A Tale of Two Cities

One of the things I enjoyed as DOM was visiting with preachers and the coffee shop was a great place to do it and to find out a lot of helpful things about the community, the preacher and the church.
One day I went by to see a certain preacher. After we talked a little I said, “Let’s go get a cup of coffee.” He had coffee in the kitchen, but I discovered he was no stranger at the local restaurant where the “good ol’ boys” drank coffee. As we drove the six blocks or so, we would pass some one walking or working in a yard and the preacher would wave. I asked who that was and he would tell me along with where they went to church. We got to the restaurant and found there were several other people there. They greeted the preacher and all had a few words with him. The server came up, called him by name, and he asked about her kids. While we drank our coffee he told me the name of everyone in the place and where they went to church. It seemed that everyone knew him and even though they did not all go to his church, or even any church. You got the idea that he was a friend that they respected and trusted and would feel comfortable talking with. He was someone they would certainly call if they had trouble or a need and that would give him an opening to witness to them about the love and saving power of Jesus.
A few days later I visited another preacher in another town. When I said, “Let’s go get a cup of coffee.” He said he had coffee he could fix, but I told him that I would like to go to the local restaurant. As we drove the six or eight blocks to the restaurant we passed people and I would ask, “Who is that?” He didn’t know and it was the same with the people in the restaurant. As we went in, of course, everybody looked at us. I spoke, they nodded back. The preacher acted like he didn’t want anyone to know he was there. When the server came I asked if he knew her, he didn’t. As we visited I found out that he was afraid his church people would think he was goofing off and wasting time if he went for coffee or a coke at the restaurant. I knew his people well enough to know that this was not the case. They would be pleased he was getting out in the community. We didn’t stay very long at the coffee place. He was uncomfortable being there and he told me he had to get back to the church and study. I discovered that this well educated preacher much preferred being at church “studying” than being out in the community meeting people.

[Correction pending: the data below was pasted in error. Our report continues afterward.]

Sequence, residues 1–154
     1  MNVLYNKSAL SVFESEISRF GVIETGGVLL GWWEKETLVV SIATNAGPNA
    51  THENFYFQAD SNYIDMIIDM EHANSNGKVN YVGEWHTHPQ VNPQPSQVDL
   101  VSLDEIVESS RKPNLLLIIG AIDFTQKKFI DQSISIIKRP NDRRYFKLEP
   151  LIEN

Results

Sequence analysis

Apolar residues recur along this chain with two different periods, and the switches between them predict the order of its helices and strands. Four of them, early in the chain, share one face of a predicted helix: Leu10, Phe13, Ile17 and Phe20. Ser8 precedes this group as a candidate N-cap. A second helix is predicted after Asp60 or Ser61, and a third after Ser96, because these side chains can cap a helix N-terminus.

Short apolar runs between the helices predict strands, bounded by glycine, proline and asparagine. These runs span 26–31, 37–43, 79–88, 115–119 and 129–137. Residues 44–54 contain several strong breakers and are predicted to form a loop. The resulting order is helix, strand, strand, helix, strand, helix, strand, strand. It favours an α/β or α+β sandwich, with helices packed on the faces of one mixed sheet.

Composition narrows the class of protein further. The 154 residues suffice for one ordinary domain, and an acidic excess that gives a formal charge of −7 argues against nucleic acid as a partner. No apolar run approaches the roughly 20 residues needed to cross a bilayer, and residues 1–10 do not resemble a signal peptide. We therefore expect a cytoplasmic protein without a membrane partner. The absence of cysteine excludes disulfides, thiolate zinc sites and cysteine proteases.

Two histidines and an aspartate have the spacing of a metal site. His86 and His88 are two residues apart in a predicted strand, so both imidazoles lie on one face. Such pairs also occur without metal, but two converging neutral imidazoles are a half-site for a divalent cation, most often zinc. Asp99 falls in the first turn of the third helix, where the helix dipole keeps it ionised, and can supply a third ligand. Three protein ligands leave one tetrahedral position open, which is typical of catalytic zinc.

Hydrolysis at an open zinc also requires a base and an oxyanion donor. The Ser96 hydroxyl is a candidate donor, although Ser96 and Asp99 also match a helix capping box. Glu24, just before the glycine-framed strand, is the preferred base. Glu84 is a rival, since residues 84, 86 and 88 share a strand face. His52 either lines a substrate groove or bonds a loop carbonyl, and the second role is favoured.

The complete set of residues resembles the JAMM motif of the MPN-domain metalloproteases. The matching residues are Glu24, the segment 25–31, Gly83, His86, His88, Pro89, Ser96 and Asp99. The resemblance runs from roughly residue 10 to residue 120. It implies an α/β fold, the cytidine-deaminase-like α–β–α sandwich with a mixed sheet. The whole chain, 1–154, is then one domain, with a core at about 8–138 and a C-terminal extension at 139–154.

Now there is nothing wrong with a preacher studying, in fact they all should at least a little, and the coffee shop is not the only place to meet people. But let me ask you, of the two, who do think had a church that was reaching people and ministering in their community and which do you think had a church that was struggling to keep the doors open?

Bill Kneisly

3 thoughts on “A Tale of Two Cities

  1. Richard Taylor Reply

    I was thinking that maybe this is a trick question at first, Bill. You paint a picture of two extremes. We should find a healthy balance between the “preacher” role and the “pastor” role. I would agree with you though that the time taken in building relationships is of utmost value in ministry. You feel like you have accomplished something after preaching a Sunday sermon. Building strong healthy friendships in a community takes a long time – and harder to measure those kind of achievements.

  2. Lee Martin Reply

    Obviously the pastor who visited the local coffee shop. This is not a new problem, I had a similar conversation nearly 30 years ago in Oklahoma. The pastor who followed me at a church in a small town wanted to know how to break into this clanish town. But he refused to “chat” at the local coffee shot, saying it was a waste of time. The reality was simple, “we as clergy need to work at rubbing shoulders with folks outside the walls of our church buildings if we want folks to come insid

  3. Bill Kneisly Reply

    RT, I didn’t know when I went to the coffee shop that I was building relationships. I thought I was just being friendly and letting people know that I was interested in them and they could look at me as one of them and not some holier than thou preacher who was too good to lower himself to visit with them.

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